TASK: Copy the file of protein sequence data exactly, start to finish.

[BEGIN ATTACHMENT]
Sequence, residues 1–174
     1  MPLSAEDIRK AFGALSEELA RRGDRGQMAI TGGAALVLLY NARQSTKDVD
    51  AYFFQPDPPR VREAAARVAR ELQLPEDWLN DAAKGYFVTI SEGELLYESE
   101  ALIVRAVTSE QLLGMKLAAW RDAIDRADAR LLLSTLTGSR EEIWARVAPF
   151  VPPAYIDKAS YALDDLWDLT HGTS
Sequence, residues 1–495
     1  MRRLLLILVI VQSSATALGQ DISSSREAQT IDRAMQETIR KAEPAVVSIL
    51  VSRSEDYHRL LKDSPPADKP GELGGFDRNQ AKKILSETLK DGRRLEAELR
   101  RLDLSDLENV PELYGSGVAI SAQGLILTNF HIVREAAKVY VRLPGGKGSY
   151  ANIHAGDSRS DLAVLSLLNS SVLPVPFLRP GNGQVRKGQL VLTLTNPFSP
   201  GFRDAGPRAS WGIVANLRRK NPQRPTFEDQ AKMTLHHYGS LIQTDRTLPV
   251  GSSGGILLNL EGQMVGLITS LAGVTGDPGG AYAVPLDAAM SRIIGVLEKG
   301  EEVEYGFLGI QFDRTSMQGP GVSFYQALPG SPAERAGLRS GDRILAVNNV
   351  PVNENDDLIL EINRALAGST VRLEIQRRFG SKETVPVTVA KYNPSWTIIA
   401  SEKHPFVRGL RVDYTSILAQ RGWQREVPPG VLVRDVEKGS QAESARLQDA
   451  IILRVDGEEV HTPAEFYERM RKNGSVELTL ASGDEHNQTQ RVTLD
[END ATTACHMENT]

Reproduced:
Sequence, residues 1–174
     1  MPLSAEDIRK AFGALSEELA RRGDRGQMAI TGGAALVLLY NARQSTKDVD
    51  AYFFQPDPPR VREAAARVAR ELQLPEDWLN DAAKGYFVTI SEGELLYESE
   101  ALIVRAVTSE QLLGMKLAAW RDAIDRADAR LLLSTLTGSR EEIWARVAPF
   151  VPPAYIDKAS YALDDLWDLT HGTS
Sequence, residues 1–495
     1  MRRLLLILVI VQSSATALGQ DISSSREAQT IDRAMQETIR KAEPAVVSIL
    51  VSRSEDYHRL LKDSPPADKP GELGGFDRNQ AKKILSETLK DGRRLEAELR
   101  RLDLSDLENV PELYGSGVAI SAQGLILTNF HIVREAAKVY VRLPGGKGSY
   151  ANIHAGDSRS DLAVLSLLNS SVLPVPFLRP GNGQVRKGQL VLTLTNPFSP
   201  GFRDAGPRAS WGIVANLRRK NPQRPTFEDQ AKMTLHHYGS LIQTDRTLPV
   251  GSSGGILLNL EGQMVGLITS LAGVTGDPGG AYAVPLDAAM SRIIGVLEKG
   301  EEVEYGFLGI QFDRTSMQGP GVSFYQALPG SPAERAGLRS GDRILAVNNV
   351  PVNENDDLIL EINRALAGST VRLEIQRRFG SKETVPVTVA KYNPSWTIIA
   401  SEKHPFVRGL RVDYTSILAQ RGWQREVPPG VLVRDVEKGS QAESARLQDA
   451  IILRVDGEEV HTPAEFYERM RKNGSVELTL ASGDEHNQTQ RVTLD